Now, don't go to the grocery store and buy a tenderloin or some porterhouse steaks and think you can hang them in your fridge for 60 days, it just doesn't work that way...the temperature and humidity are key, and believe it or not, the cooler will 'season' over the years and the good bacteria will be floating around freely in the butcher shop.

Dry Age Ribeye 

Dry Age Striploin

Dry age side of beef

Where the mysterious Bavette comes from:

Now back to cuts of beef - Hey you might yell at me from across a crowded room - you forgot the Porterhouse and the T-bone - I yell back in my usual arrogant way "my friends, tsk, tsk, the porterhouse is made up of a portion of the tenderloin and the striploin and well the T-bone - it's the NY strip with the bone still attached.  They look big but you are paying for the bones my friend, bones".

So here's this week's recipes, my favourite steak on the grill and a yummy potato salad, one of my favourite summer meals!

BBQ Steak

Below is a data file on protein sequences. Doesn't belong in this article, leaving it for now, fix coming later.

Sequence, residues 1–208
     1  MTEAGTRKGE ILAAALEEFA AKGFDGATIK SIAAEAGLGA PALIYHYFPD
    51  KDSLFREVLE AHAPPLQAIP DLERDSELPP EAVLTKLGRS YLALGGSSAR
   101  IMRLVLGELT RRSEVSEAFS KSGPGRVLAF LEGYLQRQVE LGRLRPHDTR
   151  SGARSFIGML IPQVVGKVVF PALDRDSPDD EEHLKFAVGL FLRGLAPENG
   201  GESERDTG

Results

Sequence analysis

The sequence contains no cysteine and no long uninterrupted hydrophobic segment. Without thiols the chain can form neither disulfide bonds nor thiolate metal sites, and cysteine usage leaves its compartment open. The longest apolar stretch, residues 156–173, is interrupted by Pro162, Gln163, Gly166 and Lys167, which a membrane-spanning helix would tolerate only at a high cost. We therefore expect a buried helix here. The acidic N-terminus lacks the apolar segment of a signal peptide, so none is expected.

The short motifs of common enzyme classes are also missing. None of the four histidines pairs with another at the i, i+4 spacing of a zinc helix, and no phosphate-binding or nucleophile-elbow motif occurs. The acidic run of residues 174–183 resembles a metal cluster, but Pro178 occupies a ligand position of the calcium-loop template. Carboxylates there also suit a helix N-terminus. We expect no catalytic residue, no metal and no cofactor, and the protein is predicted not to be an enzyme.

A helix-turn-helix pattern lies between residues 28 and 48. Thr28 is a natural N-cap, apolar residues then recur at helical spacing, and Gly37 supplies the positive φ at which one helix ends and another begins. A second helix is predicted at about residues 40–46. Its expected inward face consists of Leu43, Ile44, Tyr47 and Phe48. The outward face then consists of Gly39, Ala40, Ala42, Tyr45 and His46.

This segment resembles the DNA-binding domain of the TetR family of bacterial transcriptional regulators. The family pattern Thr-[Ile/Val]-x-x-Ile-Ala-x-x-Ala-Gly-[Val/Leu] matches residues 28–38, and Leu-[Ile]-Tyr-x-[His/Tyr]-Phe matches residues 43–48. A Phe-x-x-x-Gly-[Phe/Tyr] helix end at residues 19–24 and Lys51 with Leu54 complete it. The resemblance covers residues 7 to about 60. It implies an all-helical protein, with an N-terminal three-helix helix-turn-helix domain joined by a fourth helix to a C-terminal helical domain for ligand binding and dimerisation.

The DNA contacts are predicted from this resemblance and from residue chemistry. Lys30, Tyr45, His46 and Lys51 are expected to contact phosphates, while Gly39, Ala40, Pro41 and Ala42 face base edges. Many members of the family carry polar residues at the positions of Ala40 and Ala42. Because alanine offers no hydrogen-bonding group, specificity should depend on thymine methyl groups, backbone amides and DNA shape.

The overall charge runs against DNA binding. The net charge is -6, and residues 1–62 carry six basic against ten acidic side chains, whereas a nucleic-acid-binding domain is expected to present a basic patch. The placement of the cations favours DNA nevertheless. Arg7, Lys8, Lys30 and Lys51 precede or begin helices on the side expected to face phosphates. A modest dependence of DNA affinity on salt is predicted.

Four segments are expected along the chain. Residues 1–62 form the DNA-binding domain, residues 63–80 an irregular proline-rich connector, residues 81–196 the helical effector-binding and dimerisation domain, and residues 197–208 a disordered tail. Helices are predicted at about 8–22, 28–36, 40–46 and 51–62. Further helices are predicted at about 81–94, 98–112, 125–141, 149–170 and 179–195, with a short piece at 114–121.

Choice of striploin, tenderloin, ribeye, sirloin or bavette (I prefer the dry age)

Have your butcher cut you a fair sized thick steak, no less than 1" thick.  They will trim it but have them leave on some fat, remember FAT = FLAVOUR.  If you think it's too big, save the leftover for breakfast with your eggs the next day!

Preheat your BBQ or grill (there is a difference, next blog) to pretty hot, 500 F and up! Yup!

I prefer my steak cooked to a Chicago Blue, char on the outside, just warmed on the inside, BUT most people don't like that so here's the way to a good medium rare (don't ruin it by cooking it to a crisp, you are just wasting your money, might as well go get a burger).

Place your steak on the sizzling hot grill for about 3 minutes.  After 3 minutes, turn 90 degrees (get those crisscross grill marks) and cook another 1-2 minutes.  Flip ONLY ONE TIME. Cook on 2nd side for about 3 to 4 minutes depending on thickness and that's it my friends! FLIP ONLY ONE TIME!!!! Let rest 5 minutes then season with a crunchy sea salt and fresh ground pepper.

1 lb fingerling or mini potatoes 
(reds are pretty cool and purple potatoes even cooler)
Some mayo
some Dijon
chopped green onions
a red pepper or 2
maybe some left over grilled asparagus or zucchini - whatever
salt and pepper

Boil your potatoes until just tender, they should have a bit of a bite to them.  Mix the Dijon and mayo together and when potatoes are drained, mix the mayo/mustard mixture with the HOT potatoes.  Let cook in the fridge.  When cool, add the rest of the stuff.    

Now who's hungry??? (I need more pictures)